1. What exactly is anaemia that doctors keep on mentioning?
Anaemia is the scientific term used for a decrease in the oxygen carrying capacity of the blood. It is suspected by symptoms of tiredness, malaise, palpitations etc and confirmed by low hemoglobin values (<11g%).
2. How common is the anaemia problem?
Anaemia is very common in the community. Seven out of 10 women in India are anaemic. The incidence is higher in rural areas compared to the urban population.
3. How do I suspect I may be having anaemia?
The signs of anaemia include fatigue, tiredness, malaise, palpitations and feeling irritable. There can also be signs of decreased appetite and difficulty to sleep.
4. What kind of diet will help me overcome anaemia?
A diet rich in iron consists essentially of meat (liver, kidney, beef), cereals (bran wheat, soya flour, wheat germ), nuts (cashew, almonds, hazelnut) and beans (soyabeans and red kidney beans) besides figs, apricots and malt bread.
5. How can I confirm that I really have anaemia?
Haemoglobin estimation in the blood would help. It is a simple blood test available in almost all laboratories. A value less than 11gm% should definitely be considered abnormal. Values less than 8gm% indicates a severe form of anaemia and needs to be addressed urgently.
6. What are the reasons I may be suffering from anaemia?
The most common cause is from nutritional deficiencies – iron and folic acid. Here comes the role of an iron-rich diet. Excessive blood loss during menses or through the bowels (dark stools or fresh blood) may be responsible in some cases. Intestinal worm infestations and malaria may be the cause of anaemia in endemic populations. A variety of blood disorders could also present as anaemia.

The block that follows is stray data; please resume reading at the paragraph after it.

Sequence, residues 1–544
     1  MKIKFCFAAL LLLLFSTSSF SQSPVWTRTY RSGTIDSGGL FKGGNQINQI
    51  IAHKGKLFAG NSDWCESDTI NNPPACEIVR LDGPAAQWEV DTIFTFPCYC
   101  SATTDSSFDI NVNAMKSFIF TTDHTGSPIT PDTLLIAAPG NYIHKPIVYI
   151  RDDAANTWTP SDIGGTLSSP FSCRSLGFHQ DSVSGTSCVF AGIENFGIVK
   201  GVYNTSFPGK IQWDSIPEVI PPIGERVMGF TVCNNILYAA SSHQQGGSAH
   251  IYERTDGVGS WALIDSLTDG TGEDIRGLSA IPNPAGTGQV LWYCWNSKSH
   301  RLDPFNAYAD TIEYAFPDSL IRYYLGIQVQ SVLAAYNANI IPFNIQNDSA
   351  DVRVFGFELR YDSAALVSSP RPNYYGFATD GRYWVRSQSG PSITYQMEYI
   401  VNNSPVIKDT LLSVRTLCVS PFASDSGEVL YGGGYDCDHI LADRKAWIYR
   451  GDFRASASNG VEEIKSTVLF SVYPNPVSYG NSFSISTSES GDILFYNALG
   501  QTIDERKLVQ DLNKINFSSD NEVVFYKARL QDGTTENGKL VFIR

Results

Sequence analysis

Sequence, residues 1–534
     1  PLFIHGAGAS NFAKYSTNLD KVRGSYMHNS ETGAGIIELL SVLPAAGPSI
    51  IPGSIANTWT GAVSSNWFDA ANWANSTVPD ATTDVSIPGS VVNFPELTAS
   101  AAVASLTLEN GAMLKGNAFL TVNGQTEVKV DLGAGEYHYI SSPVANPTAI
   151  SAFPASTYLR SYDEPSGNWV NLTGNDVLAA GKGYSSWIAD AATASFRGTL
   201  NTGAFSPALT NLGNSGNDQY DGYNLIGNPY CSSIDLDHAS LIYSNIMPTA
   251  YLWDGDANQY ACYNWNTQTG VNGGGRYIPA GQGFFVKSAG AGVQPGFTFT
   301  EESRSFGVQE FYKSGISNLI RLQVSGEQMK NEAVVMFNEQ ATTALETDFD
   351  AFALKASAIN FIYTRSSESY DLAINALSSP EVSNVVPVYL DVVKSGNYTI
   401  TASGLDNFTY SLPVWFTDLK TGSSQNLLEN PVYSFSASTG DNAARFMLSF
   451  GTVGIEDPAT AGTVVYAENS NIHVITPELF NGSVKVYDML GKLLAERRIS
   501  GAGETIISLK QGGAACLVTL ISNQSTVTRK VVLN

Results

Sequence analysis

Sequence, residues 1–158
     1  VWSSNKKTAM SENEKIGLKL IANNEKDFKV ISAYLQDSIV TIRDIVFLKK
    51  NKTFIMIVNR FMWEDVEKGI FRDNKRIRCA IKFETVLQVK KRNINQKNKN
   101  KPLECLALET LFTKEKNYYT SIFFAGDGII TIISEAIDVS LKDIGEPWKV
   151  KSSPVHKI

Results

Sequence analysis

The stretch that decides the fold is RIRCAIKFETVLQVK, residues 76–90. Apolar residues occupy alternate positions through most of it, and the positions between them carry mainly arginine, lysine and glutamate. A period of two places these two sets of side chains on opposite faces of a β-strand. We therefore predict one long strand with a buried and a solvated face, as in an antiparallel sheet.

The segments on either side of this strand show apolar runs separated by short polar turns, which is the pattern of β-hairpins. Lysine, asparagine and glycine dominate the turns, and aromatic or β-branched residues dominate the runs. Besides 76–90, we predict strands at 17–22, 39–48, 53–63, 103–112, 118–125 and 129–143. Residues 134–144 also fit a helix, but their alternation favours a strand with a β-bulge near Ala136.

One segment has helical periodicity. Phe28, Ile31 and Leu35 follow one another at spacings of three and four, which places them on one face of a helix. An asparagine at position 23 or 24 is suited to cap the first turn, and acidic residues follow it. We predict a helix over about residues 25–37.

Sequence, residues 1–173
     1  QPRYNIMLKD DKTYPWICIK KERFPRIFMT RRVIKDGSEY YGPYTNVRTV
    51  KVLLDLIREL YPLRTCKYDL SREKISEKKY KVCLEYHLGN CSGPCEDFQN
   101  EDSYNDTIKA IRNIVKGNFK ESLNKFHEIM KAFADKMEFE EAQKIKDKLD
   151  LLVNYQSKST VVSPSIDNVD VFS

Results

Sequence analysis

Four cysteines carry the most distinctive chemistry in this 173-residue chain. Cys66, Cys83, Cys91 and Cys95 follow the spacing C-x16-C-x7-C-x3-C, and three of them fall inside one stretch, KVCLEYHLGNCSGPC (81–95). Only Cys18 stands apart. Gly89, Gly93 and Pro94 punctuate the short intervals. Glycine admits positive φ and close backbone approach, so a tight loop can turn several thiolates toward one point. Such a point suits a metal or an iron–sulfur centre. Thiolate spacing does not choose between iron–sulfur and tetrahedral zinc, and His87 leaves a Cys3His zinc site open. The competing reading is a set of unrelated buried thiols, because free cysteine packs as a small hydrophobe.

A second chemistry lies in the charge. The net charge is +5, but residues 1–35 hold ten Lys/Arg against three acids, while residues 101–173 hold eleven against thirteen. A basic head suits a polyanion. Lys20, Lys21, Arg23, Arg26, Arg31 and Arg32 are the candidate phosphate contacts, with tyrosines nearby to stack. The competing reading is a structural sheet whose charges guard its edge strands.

7. How can my anemia be tackled?
To tackle anaemia it is important to know the cause. Usually if there is an obvious source of blood loss from the body it needs to be minimized. In mild cases, a diet rich of iron may be helpful, but in severe cases in addition to diet, iron supplements are necessary. Though oral medicines are the first line, in some cases injections may be required. In extreme cases, blood transfusion may be necessary.
8. Which Iron should I choose from? There are so many types.
It is true that there are a variety of iron tablets available in the market and often we are lost for choice. All irons are not tolerated equally in an individual. Usually your doctor knows best and it would be useful to follow his advice in this case.
9. I can’t tolerate iron tablets. Feel nauseated and constipated. Is there a way out?
Oral Iron may occasionally cause severe gastrointestinal side effects, which would be difficult to tolerate in some individuals. Iron in an injectable form, may be taken deep in the muscle or as an infusion through the veins. However, injections are painful, expensive and can lead to adverse reactions in some cases. Usually by trial and error, different iron salts may be tried out for tolerability, before resorting to injections.
10. My hemoglobin never rises beyond 9gm%. What should I do?
Chronic blood loss – through periods, urine or stool, often unnoticed could be responsible. Worms in stool could be another source for chronic blood loss. It is also important to ensure that you are not suffering from any blood diseases e.g. Thalassemia carriers.